Rebels say holding 52 peacekeepers in Sudan's Darfur
KHARTOUM (Reuters) - A major rebel group in Sudan's strife-torn Darfur region said Monday it had captured 52 international peacekeepers, most of them from Senegal, and accused them of cooperating with the country's security service.
The joint U.N./African Union UNAMID peacekeeping force has been repeatedly caught in the crossfire during almost 10 years of fighting between government troops and insurgents in Sudan's remote west.
But the capture of more than 50 soldiers will be seen as a major setback for an already stretched mission, set up to keep the peace in a territory the size of France.
"We are holding the UNAMID soldiers because they entered our territory without permission and because they were accompanied by three Sudanese we suspect work for the security services," Gibreel Adam Bilal, a spokesman for the rebel Justice and Equality Movement (JEM) told Reuters.
He said JEM suspected UNAMID of helping Sudan's security services to spy on territory held by the rebel group.
"If it is true that UNAMID works with Sudan security agents, then we will ask the U.N. to fire the head of the UNAMID force, he said, adding JEM was also holding peacekeepers from Yemen and Ghana.
Susan Manuel, a spokeswoman for the African Union/U.N. peacekeepers declined to comment, saying only: "There is a situation on the ground unfolding since yesterday which we're trying to resolve."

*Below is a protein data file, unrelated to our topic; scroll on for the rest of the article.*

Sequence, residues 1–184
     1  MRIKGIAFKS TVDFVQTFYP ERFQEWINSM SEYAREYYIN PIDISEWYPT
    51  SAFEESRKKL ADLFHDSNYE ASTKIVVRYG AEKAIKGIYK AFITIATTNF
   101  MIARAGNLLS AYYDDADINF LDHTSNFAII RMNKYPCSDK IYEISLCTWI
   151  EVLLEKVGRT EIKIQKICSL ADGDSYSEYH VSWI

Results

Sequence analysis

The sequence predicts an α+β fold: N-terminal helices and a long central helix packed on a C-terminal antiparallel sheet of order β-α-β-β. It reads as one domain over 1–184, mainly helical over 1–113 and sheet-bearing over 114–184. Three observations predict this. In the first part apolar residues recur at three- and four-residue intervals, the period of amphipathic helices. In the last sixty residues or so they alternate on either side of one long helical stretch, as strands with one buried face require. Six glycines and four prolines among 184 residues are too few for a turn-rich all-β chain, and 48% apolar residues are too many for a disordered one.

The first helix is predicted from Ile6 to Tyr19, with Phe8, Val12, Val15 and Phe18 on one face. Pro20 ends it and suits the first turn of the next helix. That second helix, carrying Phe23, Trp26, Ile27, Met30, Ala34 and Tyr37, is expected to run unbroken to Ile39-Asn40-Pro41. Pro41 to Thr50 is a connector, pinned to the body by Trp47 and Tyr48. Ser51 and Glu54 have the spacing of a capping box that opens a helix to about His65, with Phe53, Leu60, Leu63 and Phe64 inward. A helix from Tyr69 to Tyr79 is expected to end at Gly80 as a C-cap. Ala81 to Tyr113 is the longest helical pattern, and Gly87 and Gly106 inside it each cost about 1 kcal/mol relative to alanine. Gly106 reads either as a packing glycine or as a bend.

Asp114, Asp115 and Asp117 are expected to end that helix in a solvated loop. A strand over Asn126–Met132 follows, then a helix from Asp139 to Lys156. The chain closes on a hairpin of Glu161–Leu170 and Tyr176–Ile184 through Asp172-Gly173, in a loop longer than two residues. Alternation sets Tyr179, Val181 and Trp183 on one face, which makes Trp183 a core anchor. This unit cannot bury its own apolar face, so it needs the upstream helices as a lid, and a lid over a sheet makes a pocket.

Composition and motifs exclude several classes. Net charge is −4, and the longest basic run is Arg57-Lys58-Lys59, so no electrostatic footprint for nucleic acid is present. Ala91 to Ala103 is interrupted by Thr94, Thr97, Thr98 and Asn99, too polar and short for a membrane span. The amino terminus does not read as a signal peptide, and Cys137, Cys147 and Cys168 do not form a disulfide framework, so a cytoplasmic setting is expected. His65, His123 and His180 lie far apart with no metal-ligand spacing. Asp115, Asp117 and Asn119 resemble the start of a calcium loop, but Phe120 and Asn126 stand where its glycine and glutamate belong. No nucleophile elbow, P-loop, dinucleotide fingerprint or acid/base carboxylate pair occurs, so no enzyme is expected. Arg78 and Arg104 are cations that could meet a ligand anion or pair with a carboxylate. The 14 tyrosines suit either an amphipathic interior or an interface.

Mainly non-Arab rebels took up arms in 2003, complaining the central government had economically and politically marginalized the region. Khartoum mobilized troops and mostly-Arab militias to quell the unrest.
JEM is part of an alliance of Sudanese rebels groups in Darfur and southern border states which plan to overthrow the government of Sudanese President Omar Hassan al-Bashir.
International efforts to broker peace in the region have so far faltered, hindered by fighting and rebel divisions.
While violence has died down, law and order have collapsed in some areas and attacks by criminals, militias, soldiers and tribal groups have continued in recent years.
The International Criminal Court has charged Bashir with masterminding genocide and other crimes in the region, accusations Khartoum dismisses as political.
(Reporting by Khalid Abdelaziz and Ulf Laessing; Editing by Andrew Heavens)
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